The Sunday Mail (Queensland) - TV Guide - - WEEK IN MOVIES - WITH LEIGH PAATSCH


ALONG CAME A SPI­DER 8.30PM, ONE ★★ Mor­gan Free­man reprises his pop­u­lar role as foren­sic psy­chol­o­gist Dr Alex Cross in this marginally su­pe­rior fol­low-up to the 1997 hit thriller Kiss the Girls.


BE­GIN­NERS 10.05PM, SBS2 ★★★ A beau­ti­fully un­der­stated piece, gen­tly drift­ing along some­where be­tween light ro­man­tic drama and sub­tle ob­ser­va­tional com­edy. Ewan McGre­gor plays a soli­tary graphic artist, yet to make sense of his life as he nears 40. Well worth a look.



★★★ Heart­break is al­ways but a breath away in The Im­mi­grant, an in­tense pe­riod drama that is as beau­ti­ful as it is bleak. The year is 1921, and two Pol­ish sis­ters have ar­rived in New York to start a new life. Magda (An­gela Sarafyan) is im­me­di­ately thrown in quar­an­tine, and could be de­ported pend­ing a fi­nal rul­ing by author­i­ties. This leaves the older Ewa (Mar­ion Cotil­lard) stranded in more ways than one. A well-dressed stranger of­fers his as­sis­tance. Ewa has no choice but to ac­cept. Bruno (Joaquin Phoenix) runs a bur­lesque show on the Lower East Side. It is ac­tu­ally a front for a pros­ti­tu­tion ring, but Ewa won’t find that out un­til it is far too late. Though there is a dis­tinct un­ease to the re­la­tion­ship of Ewa and Bruno as it slowly de­vel­ops, there is a clear con­nec­tion as well. Each sees a lit­tle of who they might have been in the other, had life dealt them a bet­ter hand.


HU­MAN TRAF­FIC 8.30PM, SBS2 ★ Five Welsh bud­dies hit the Cardiff nightlife and take some ec­stasy. Whoo-hoo. For a film so des­per­ate to be seen as hip, Hu­man Traf­fic is cu­ri­ously old-fash­ioned in that it can’t get over how naughty it thinks it’s be­ing. The film’s one sav­ing grace (be­yond its sound­track) is Justin Ker­ri­gan’s di­rec­tion of his own script. Oth­er­wise, too many down­ers, not enough highs.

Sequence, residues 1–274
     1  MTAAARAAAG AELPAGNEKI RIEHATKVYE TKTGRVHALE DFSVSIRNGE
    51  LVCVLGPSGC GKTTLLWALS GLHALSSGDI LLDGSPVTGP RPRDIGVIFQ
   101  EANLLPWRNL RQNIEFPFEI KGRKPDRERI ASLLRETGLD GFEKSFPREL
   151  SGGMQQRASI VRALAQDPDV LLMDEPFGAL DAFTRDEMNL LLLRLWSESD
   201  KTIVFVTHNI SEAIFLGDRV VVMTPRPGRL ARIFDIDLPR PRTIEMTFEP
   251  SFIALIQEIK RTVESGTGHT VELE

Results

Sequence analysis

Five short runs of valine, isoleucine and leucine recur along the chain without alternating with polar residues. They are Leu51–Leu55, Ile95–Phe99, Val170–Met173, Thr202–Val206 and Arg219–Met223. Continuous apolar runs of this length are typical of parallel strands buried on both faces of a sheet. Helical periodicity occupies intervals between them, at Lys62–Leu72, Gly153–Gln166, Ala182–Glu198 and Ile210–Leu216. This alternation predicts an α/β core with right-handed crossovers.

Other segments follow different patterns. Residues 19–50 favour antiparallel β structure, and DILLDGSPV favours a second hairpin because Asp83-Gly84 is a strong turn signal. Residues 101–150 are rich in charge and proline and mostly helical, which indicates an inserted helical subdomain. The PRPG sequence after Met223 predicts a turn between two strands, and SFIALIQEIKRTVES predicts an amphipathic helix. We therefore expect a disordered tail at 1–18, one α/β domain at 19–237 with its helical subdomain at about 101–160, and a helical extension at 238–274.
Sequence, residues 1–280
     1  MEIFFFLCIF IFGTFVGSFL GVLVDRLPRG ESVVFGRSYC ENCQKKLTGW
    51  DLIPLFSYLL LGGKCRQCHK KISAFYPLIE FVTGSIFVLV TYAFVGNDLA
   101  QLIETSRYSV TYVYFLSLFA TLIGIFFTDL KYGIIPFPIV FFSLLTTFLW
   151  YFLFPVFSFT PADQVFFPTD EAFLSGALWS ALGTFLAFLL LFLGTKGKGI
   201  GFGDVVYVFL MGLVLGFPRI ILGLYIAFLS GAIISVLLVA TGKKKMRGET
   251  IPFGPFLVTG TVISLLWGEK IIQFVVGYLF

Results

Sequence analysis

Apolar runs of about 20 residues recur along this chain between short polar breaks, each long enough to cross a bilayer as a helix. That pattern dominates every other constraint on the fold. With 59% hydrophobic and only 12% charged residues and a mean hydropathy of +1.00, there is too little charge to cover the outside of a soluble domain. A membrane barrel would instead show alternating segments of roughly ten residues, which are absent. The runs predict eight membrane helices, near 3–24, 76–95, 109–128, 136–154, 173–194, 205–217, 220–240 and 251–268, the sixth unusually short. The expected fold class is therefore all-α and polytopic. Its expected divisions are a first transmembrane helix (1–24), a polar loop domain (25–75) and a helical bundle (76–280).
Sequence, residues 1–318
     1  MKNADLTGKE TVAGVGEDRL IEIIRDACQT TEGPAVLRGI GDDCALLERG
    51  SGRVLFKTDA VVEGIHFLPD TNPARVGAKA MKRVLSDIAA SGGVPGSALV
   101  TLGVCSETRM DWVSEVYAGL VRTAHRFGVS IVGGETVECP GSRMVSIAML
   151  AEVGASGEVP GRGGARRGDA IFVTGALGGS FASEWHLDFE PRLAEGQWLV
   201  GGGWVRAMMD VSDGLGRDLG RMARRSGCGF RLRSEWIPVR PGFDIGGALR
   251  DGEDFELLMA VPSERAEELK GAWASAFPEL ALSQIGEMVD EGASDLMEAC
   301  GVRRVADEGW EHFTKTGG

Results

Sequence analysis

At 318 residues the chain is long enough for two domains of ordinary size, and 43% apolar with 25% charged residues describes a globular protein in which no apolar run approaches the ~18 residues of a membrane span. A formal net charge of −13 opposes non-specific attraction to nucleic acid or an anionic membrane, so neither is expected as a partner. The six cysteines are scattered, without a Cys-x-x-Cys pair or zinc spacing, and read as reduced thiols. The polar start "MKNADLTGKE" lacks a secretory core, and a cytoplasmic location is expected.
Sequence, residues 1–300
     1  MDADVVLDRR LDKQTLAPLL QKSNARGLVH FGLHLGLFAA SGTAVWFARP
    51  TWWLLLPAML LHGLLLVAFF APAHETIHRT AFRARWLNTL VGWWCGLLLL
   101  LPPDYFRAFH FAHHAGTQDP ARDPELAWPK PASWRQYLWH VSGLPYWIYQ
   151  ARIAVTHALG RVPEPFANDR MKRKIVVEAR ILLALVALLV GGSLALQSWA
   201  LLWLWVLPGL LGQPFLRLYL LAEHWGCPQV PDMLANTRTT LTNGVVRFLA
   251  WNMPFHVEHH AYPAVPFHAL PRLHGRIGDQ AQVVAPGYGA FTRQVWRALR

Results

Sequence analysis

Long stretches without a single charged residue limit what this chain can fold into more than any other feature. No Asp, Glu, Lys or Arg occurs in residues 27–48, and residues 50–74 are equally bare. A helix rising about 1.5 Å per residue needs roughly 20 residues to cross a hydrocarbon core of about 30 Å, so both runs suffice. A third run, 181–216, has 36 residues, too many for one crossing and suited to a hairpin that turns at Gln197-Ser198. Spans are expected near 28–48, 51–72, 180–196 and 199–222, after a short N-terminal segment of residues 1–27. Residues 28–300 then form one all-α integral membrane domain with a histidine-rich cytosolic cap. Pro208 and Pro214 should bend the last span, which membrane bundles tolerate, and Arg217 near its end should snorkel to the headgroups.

TO­MOR­ROW, WHEN THE WAR BE­GAN 9PM, ELEVEN ★★ As the open­ing in­stal­ment of what later be­came a best-selling se­ries, au­thor John Mars­den’s 1993 novel To­mor­row, When the War Be­gan has been a prized read for an en­tire gen­er­a­tion of young Aus­tralians. Done well – or even just mod­er­ately ef­fec­tively – this teen-skew­ing ac­tion flick could pave the way for an un­prece­dented home-grown fran­chise. Un­for­tu­nately, mod­er­ately ef­fec­tive is as good as it gets here, de­spite the best ef­forts of some tal­ented new­com­ers among its cast, and a smat­ter­ing of im­pres­sive stand-alone scenes. A loopy, hard-toac­cept story fol­lows a group of teens fight­ing for their lives af­ter Aus­tralia has been in­vaded and con­quered by for­eign ag­gres­sors. Stars Caitlin Stasey.



★★★★ Bri­tish comics Steve Coogan and Rob Bry­don re­turn with another won­der­ful combo of stun­ning scenery, fine food and im­pec­ca­bly im­pro­vised con­ver­sa­tion. The re­fined ver­bal spar­ring of the leads is even more inspired and amus­ing than be­fore. Frac­tional shifts in tone and the oc­ca­sional melan­choly beat are placed very pre­cisely to keep view­ers on their toes. More, please ( TheTripto Aus­tralia, maybe?).


THE CON­STANT GAR­DENER 8.30PM, SBS ★★★ A meek Bri­tish diplo­mat (Ralph Fi­ennes) comes out of his shell when he be­gins in­ves­ti­gat­ing the mys­te­ri­ous death of his wife (Rachel Weisz) in Africa. Poised, in­tel­li­gent thriller which also points an ac­cus­ing fin­ger at drug com­pa­nies that dump ob­so­lete prod­ucts on third­world coun­tries. Based on the novel by John le Carre.

Revved up: Caitlin Stasey stars in To­mor­row,When­theWarBe­gan, adapted from John Mars­den’s novel.

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